Between the banks of the Cuyahoga River and Lake Erie, Cleveland has transformed from another depressed notch in the Rust Belt to a diverse springboard for advances in manufacturing, financial services, healthcare, biomedicine, and higher education.

However, the city still faces significant social disparities as it grows and redevelops. These gaps exist alongside and often intertwine ongoing challenges in the opioid epidemic, urban sprawl, and water quality issues.

Fortunately, the Cleveland region counts several regional foundations determined to make a community impact on these issues. This attention makes the city especially fertile ground for investor support of environmental, social and governance (ESG) issues, as these three Cleveland-based organizations and foundations demonstrate.

The Cleveland Foundation: Seeking Social Impact

Investors seeking to make a community impact by supporting socially responsible Cleveland-area companies can look to the Cleveland Foundation. In 2019, the Foundation committed to allocating $150 million to social impact investments by the end of 2022 across a variety of Foundation programs:

The Foundation goes beyond simply handing out grants, employing its socially responsible investment pool for direct investment into the community. This pool consists of fossil fuel–free public equities screened on ESG factors and employs a place-based investing emphasis on Cleveland-area corporations.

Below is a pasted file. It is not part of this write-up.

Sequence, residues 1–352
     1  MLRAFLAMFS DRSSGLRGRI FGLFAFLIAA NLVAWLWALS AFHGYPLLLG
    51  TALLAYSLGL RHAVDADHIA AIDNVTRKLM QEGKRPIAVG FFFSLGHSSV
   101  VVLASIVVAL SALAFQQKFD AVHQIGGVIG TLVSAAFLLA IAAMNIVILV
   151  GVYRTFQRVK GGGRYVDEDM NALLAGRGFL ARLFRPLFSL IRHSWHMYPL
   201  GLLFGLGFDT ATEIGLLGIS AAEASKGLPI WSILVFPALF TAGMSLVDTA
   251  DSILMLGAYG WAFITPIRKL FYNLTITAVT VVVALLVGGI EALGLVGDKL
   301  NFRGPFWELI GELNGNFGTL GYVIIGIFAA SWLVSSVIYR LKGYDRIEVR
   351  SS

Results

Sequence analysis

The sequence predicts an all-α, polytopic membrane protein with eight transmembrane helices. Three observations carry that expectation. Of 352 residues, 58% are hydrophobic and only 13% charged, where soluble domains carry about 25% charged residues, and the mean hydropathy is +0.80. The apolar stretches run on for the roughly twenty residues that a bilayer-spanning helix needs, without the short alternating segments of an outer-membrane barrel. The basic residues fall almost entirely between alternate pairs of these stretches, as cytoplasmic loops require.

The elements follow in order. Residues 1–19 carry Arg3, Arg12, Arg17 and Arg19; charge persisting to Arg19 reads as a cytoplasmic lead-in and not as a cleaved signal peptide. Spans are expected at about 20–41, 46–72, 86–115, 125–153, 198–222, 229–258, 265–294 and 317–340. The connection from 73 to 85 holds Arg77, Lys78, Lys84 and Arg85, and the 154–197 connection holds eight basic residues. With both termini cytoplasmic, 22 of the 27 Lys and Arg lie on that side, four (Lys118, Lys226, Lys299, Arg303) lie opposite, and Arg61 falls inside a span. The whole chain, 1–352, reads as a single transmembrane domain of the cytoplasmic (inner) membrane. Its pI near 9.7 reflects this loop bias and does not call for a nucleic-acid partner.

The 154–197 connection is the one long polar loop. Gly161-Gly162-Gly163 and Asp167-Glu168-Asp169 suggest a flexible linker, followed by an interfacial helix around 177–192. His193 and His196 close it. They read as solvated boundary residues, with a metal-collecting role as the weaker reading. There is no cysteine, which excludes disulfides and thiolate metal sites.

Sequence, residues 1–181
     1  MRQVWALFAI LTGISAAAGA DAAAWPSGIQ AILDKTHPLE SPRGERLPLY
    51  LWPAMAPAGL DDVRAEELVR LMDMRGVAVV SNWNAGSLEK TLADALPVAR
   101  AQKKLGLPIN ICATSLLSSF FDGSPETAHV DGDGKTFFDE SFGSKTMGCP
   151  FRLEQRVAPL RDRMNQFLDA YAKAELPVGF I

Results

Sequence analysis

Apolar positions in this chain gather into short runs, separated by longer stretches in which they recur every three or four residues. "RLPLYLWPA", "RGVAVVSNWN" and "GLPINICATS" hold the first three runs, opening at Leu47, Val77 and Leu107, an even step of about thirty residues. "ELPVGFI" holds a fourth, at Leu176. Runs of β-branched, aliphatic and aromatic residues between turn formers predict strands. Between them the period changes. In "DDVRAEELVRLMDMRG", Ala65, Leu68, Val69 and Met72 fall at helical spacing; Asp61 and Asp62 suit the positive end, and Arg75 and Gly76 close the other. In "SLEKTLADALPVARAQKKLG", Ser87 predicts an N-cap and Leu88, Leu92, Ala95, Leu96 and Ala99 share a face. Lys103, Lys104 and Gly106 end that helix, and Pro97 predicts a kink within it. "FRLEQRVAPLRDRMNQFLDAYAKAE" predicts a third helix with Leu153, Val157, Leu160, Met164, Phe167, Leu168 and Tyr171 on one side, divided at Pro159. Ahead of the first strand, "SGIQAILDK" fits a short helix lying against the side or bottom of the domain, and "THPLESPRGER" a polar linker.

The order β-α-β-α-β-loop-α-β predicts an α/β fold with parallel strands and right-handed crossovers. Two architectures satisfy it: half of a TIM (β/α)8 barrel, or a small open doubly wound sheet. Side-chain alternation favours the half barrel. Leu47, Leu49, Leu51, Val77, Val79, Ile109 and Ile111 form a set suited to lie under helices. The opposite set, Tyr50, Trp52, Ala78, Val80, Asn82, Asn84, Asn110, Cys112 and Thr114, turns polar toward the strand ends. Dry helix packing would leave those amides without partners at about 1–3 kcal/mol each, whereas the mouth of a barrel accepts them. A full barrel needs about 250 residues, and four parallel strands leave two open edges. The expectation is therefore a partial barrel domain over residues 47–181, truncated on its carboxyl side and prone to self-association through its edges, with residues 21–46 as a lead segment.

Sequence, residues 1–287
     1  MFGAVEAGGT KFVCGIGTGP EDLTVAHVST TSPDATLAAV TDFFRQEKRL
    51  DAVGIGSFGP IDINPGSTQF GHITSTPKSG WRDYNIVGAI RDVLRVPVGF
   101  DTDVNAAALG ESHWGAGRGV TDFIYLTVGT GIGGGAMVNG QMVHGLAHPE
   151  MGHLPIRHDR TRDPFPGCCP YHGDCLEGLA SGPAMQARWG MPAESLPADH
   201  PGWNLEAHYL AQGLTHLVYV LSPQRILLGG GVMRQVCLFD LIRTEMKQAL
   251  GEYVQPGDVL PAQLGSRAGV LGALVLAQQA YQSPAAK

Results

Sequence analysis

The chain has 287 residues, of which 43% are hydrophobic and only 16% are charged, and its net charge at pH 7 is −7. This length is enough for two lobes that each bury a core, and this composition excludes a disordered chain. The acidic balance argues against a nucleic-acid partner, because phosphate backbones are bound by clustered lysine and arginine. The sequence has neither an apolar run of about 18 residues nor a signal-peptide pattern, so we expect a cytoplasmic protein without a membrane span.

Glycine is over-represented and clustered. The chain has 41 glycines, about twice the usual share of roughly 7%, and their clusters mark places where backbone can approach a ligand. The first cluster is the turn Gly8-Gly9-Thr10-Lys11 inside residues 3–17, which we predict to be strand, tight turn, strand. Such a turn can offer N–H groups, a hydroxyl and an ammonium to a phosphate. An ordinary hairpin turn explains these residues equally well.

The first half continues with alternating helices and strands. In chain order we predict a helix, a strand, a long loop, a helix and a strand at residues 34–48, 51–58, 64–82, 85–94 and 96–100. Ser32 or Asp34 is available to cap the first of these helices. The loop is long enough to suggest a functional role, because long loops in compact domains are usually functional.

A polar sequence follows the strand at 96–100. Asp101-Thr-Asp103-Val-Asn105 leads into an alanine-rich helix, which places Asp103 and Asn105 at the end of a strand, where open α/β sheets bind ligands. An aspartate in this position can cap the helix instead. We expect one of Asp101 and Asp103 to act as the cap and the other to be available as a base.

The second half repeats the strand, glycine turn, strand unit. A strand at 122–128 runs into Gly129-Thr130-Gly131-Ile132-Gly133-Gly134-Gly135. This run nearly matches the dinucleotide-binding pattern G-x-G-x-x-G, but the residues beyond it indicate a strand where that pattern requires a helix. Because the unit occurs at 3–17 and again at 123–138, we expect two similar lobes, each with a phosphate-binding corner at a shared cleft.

Additionally, the foundation highlights gender and racial equity by requiring all companies in the pool to have female and minority representation in their executive management and actively seeking investment managers that are at least 50% minority- or women-owned.

The Clevelend region counts a number of regional foundations determined to make a community impact.

Great Lakes Impact Investment Platform: Going for a Greener Environment

The Great Lakes Impact Investment Platform aims to promote environmentally sustainable economic growth through a place-based, impact-focused investment platform. The Platform offers “various investment products intended to deliver demonstrable impact and revitalize the region’s waters, while also aimed to generate competitive, market-based financial returns.”

For example, the Platform’s Northeast Ohio Regional Sewage District’s Shoreline Consolidation Sewer & E-09 CSO Control and Relief Sewer project plans to reduce wet weather combined sewer overflows released into Lake Erie in the Greater Cleveland area by 220 million gallons annually.

Fund for Employee Ownership: Coordinating Corporate Governance by Employees

Research points to employee ownership as a path to a more equitable economy. It can promote higher incomes, assets, and savings among workers as well as increased productivity and commitment to local communities.

The Fund for Employee Ownership acquires small- and medium-sized businesses and converts them to employee-owned businesses. This arrangement gives existing employees a stake in the profits, an opportunity to build wealth, and a voice in their workplace. The Fund thereafter continues to support these businesses through the Evergreen Cooperatives of Cleveland.

These three examples represent the proverbial tip of the iceberg for impact investors. Although Cleveland’s Rust-Belt inheritance still requires buffing, opportunities to support ESG issues shine brightly.

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